The patents and priorities of the western drugs industry are stacked against the sick of the developing world. But philanthropy, the impact of Aids, and new faces in global institutions have reinvigorated the battle against poor people's diseases.by Shereen El Feki / November 20, 2000 / Leave a comment
In the oasis villages around Ouarzazate, beneath Morocco’s Atlas mountains, globalisation is bearing strange fruit. The kasbahs bristle with satellite dishes; caf?s offer mint tea and “il internet”; and the call to prayer is accompanied by the ringing of mobile phones.
But some western exports remain out of reach. Azithromycin is a powerful antibiotic which stamps out all sorts of bacteria, including the one which causes blinding trachoma. This is a problem for 1.5m Moroccans living in the region, where the disease is often carried by flies which flit about infected eyes. While good hygiene and surgery go some way to mitigating the disease, drugs are crucial to tackling it.
The country’s health ministry has tried mass treatment with an old-fashioned medicine called tetracycline, which requires six weeks of twice-daily dosing, a regimen which few patients will follow. By contrast, a single dose of the newer drug azithromycin keeps patients clear of the bacteria for a year. But azithromycin is expensive, and the government cannot afford to treat more than a small fraction of patients. Last year, however, the drug’s biggest manufacturer and patent-holder, the US pharmaceutical firm Pfizer, donated $18m worth of azithromycin to Morocco through a new foundation, the International Trachoma Initiative (ITI). Now, 600,000 people have been treated, and the Moroccan government is bullish about eliminating the disease in a few years.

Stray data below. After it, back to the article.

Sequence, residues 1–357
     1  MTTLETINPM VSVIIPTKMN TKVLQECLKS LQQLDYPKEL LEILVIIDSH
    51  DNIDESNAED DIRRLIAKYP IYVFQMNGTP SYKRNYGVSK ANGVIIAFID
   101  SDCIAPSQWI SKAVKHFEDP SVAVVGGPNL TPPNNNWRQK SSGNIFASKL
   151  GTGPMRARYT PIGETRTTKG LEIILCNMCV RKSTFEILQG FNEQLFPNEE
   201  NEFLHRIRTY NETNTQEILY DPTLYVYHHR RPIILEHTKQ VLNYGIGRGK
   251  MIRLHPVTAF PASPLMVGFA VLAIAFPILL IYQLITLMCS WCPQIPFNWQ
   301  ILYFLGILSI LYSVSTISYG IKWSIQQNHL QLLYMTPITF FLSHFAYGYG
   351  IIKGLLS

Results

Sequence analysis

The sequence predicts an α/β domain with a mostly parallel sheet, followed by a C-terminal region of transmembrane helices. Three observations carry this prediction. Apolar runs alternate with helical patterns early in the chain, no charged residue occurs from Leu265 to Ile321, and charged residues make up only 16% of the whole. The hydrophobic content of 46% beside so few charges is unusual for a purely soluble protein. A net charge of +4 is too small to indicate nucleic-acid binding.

ITI has launched similar donation programmes in Vietnam, Mali, and Tanzania, and plans to expand into Sudan. There is no shortage of takers: 150m people in the world are developing trachoma, five times more than the number infected with HIV. But this largesse is not universally admired. The aid agency M?decins Sans Fronti?res (MSF), questions the sustainability of these gifts. MSF reckons that companies are more interested in publicity than philanthropy, and impose such conditions on donations as to severely limit their scope. MSF would much rather see drugs such as azithromycin bought from cheaper manufacturers-if only international patent law and national healthcare budgets allowed.
The drug gap
It takes only a glance at the empty shelves of a rural dispensary in, say, Kenya or Vietnam to appreciate the extent of the international drug divide. The World Health Organisation (WHO) reckons that there are over 300 essential drugs which should be made available in all countries. One third of the world’s population has no access to them. Powerful drugs for malaria and other infectious…